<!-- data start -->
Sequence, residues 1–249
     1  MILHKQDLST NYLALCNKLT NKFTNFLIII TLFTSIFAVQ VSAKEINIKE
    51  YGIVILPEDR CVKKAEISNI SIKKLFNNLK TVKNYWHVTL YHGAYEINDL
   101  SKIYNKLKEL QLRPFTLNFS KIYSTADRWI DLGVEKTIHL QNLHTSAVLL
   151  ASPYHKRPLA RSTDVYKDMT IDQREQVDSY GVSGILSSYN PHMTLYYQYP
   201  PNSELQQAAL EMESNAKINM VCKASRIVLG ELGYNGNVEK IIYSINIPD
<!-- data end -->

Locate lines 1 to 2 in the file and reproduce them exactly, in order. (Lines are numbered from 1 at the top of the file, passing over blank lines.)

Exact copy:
Sequence, residues 1–249
     1  MILHKQDLST NYLALCNKLT NKFTNFLIII TLFTSIFAVQ VSAKEINIKE